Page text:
There are other things that you can do in order to make driving safer for you and those around you. This includes getting regular eye and hearing exams, making sure that you are getting enough sleep to be awake and alert when driving, and being aware of the side effects of your medicine that could decrease your driving ability. If a loved one shows concern about your driving, it is important to be open to what they are telling you and to not get defensive. Remember that they are bringing this up because they care about you!

If you ever decide that it’s time for you to quit driving, there are plenty of transportation options for you to choose from at Sherwood Oaks. Not being a licensed driver does NOT mean that you’ll be stuck at home. We have a fleet of busses that go off-campus each day to local businesses, shopping malls, grocery stores, and into Oakland. For a fee, we can also take you to appointments, shopping at a location of your choice, to the airport, or anywhere else you need to go! Your staff driver can even drive you in your car (just pay an hourly fee), or you are welcome to use a car from Sherwood Oaks at an hourly fee plus mileage.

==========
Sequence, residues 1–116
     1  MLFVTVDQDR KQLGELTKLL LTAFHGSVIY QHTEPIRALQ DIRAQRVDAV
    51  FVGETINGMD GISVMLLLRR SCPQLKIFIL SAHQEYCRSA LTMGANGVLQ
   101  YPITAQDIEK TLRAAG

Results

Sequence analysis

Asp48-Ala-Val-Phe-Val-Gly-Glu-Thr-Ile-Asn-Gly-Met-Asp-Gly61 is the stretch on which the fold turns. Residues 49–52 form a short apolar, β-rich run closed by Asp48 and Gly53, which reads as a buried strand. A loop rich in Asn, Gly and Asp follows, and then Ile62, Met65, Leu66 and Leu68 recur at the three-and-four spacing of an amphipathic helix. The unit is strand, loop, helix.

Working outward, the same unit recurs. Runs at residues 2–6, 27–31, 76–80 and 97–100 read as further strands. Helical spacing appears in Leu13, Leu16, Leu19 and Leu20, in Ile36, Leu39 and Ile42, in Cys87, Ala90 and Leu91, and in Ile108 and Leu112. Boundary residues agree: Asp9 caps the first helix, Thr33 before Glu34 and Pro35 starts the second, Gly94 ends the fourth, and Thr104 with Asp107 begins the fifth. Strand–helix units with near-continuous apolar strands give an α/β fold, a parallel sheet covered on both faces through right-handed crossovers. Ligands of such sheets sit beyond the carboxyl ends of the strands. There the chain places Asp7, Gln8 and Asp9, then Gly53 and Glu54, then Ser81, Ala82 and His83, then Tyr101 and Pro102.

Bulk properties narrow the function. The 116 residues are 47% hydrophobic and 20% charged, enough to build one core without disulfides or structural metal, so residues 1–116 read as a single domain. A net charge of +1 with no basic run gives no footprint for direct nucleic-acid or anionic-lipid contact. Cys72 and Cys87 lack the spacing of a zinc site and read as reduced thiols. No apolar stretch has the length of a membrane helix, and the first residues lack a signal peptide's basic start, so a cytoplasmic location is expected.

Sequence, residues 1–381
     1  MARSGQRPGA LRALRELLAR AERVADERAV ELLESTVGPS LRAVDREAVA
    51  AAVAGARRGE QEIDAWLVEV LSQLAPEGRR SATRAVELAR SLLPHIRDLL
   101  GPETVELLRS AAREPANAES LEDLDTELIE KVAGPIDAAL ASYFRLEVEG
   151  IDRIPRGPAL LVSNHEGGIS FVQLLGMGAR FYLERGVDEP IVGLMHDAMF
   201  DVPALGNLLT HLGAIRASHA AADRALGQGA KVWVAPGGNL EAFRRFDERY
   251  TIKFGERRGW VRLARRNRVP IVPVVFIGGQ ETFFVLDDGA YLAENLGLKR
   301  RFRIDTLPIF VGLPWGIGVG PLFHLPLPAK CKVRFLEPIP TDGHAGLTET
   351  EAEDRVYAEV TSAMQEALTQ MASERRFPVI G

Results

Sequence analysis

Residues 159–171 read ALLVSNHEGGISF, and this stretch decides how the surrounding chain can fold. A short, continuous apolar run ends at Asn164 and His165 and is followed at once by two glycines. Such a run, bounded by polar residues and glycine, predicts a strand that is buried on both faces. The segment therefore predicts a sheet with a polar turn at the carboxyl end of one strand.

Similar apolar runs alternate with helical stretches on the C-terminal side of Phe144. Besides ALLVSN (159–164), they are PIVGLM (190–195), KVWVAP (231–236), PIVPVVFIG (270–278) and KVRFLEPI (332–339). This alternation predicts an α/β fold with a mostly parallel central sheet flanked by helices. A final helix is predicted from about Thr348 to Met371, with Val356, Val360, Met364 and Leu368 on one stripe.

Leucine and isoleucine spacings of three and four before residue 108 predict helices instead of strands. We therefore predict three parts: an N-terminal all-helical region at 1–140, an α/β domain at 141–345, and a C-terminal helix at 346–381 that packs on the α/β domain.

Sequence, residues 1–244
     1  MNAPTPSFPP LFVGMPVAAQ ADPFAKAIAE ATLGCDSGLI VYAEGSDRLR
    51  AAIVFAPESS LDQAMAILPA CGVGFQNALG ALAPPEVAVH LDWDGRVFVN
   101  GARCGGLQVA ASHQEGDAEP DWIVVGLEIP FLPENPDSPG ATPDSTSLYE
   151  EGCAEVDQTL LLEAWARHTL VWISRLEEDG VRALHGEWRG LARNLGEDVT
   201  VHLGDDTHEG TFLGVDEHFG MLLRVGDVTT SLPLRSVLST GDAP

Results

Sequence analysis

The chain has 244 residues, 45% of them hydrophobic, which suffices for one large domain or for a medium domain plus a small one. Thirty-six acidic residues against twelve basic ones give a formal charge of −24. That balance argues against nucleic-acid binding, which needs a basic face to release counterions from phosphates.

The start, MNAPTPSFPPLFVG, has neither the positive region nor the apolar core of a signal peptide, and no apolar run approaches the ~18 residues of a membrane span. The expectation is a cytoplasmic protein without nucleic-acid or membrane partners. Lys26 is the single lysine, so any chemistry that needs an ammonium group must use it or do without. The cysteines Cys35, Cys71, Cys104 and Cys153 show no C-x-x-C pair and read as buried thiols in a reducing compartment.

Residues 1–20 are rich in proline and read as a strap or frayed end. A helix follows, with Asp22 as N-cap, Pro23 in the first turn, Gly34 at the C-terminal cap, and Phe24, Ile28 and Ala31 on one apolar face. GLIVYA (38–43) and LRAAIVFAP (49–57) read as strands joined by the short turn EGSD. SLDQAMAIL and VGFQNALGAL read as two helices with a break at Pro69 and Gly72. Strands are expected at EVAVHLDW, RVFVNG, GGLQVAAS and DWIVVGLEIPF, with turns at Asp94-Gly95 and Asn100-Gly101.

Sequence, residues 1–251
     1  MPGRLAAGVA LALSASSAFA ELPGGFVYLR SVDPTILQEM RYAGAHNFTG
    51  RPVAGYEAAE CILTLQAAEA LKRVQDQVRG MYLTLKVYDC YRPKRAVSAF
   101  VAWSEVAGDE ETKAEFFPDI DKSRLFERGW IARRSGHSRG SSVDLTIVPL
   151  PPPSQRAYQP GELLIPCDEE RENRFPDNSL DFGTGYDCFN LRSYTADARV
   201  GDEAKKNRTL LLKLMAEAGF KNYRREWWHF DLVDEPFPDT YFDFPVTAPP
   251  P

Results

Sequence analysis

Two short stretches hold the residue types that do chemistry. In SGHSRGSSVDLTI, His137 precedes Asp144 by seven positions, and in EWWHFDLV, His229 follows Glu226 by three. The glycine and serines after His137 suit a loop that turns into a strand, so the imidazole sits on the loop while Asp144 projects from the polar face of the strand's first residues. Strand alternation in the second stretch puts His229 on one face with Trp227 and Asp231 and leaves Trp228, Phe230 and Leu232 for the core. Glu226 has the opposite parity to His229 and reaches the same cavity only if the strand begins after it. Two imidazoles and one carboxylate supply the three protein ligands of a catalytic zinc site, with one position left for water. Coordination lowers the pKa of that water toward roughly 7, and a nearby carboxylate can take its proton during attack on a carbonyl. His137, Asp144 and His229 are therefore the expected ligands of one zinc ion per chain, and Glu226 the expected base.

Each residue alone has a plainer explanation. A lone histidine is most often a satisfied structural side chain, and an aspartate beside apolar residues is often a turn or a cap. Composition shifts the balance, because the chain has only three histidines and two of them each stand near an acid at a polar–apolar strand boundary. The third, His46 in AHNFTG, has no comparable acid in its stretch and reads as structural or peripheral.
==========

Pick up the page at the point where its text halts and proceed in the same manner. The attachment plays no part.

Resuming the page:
We will also be hosting an AARP safe driving class on September 24 and 25. Residents and members of the community are welcome to join.

Whether you’re behind the wheel or in the passenger seat, we want to make sure that you get where you need to go – safely!

Weight and Retirement: What is Healthy?

According to The National Center for Biotechnology Information, “People who are close to retirement age show the highest rates of weight gain and obesity.” Why is this, what is normal, and how can you prevent post-retirement weight gain?